If the CI should be used as an epistemological tool only, rather than the true measure of objective morality, then this suggests there are other avenues to explore in the epistemology of morality. The CI should be joined by moral intuitions. By an “intuition,” it is not meant that one should merely consult his feelings. Rather, an intuition is a form of a priori knowledge, or knowledge gained independently of any external process or experience with the world. Intuitions can certainly go wrong, but they often provide us with real knowledge of the world. Without them, and without divine special revelation, no one would have any inkling that murder is wrong. Such a scenario is unimaginable, as while cultures may differ as to what constitutes murder, all of them recognize that murder itself is wrong.
In Kantian thought, these intuitions are called maxims. According to Onora O’Neill, “A maxim expresses a person’s policy, or if he or she has no settled policy, the principle underlying the particular intention or decision on which he or she acts.” Thus, the CI does not seek to justify these intuitions or intuitive maxims, but instead relies crucially upon them. This informs the Christian that to rely on CI alone is a mistake; the CI should, at best, be used in concert with strong moral intuitions. This is significant since most Christians have the intuitive sense that homosexual behaviors are wrong, and positively the intuition that sexual relationships are to be between one man and one woman.
Having such intuitive maxims is also necessary because Kant’s maxims (or the maxims of others) may not align with the maxims of Christians. If Kant’s maxims inform the CI, then the CI is only useful insofar as its maxims do not present a conflict between itself and Christianity. For example, on Kant’s presuppositions, “Protecting the freedom of others . . . is therefore a necessary end of human beings.” Were this presupposition to conflict with some point of Christianity (this paper is not trying to argue that it necessarily does), it would have to be either modified or jettisoned. Again, it must be emphasized that the CI does not entail many of these presuppositions or moral intuitions, but rather relies on them. If this is the case, Christians need to bring CI before their own moral intuitions, and use these to inform their moral judgments.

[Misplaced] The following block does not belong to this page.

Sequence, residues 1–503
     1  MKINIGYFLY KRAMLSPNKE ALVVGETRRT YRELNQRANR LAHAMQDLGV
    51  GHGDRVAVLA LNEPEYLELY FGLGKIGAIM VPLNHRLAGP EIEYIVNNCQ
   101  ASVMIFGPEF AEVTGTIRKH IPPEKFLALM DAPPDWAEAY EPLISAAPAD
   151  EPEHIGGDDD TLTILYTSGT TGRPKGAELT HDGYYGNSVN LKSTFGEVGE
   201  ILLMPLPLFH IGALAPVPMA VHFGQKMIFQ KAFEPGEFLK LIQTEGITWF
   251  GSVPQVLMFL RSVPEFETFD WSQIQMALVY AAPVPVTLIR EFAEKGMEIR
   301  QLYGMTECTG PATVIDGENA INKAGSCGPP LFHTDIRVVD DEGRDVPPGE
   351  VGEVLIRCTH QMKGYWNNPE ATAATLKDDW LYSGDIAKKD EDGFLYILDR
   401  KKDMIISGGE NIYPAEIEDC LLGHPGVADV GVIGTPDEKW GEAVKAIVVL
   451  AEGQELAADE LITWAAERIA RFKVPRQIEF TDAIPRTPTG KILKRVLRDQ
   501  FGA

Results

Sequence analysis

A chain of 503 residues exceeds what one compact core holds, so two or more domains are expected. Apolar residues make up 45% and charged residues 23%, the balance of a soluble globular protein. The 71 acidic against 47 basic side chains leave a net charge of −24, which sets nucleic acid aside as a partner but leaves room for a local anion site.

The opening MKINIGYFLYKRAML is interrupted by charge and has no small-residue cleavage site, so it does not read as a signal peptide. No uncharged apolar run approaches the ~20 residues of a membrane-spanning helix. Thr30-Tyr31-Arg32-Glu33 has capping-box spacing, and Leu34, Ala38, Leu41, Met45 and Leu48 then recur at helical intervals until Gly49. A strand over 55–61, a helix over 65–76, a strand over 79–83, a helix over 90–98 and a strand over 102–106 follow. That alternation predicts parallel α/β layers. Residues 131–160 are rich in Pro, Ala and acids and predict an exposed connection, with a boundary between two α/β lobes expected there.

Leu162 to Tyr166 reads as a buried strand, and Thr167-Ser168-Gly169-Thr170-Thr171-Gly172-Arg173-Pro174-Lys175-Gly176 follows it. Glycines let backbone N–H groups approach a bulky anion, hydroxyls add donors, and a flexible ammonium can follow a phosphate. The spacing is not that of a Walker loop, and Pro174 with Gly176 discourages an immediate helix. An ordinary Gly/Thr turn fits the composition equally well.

Another solution is to bring both the CI and moral intuitions before the joined bar of sound theology and Scripture. In these cases, while we may come to know what is right and wrong via our moral intuitions, being verified by the CI, these must always be checked against theology and Scripture. If these are verified by theology and Scripture, or if these are permitted by the same, then one may proceed. If they are prohibited by theology and Scripture, then these actions should be avoided.
William Lane Craig answers the question as to whether or not homosexual actions can permissibly take place using these criteria by writing, “God commands us to live chastely and to reserve sexual activity for heterosexual marriage.” Thus, while the debate about the interpretation of Scripture is a topic for another paper, most Christians are in agreement that the Bible forbids homosexual actions. Craig adds, “My point is that our choices about how to live remain the same regardless [of our orientation or how we feel].” Craig’s point is that humans are morally obligated to exercise control over their own behavior, irrespective of feelings, and whether or not it conforms to Kant’s CI.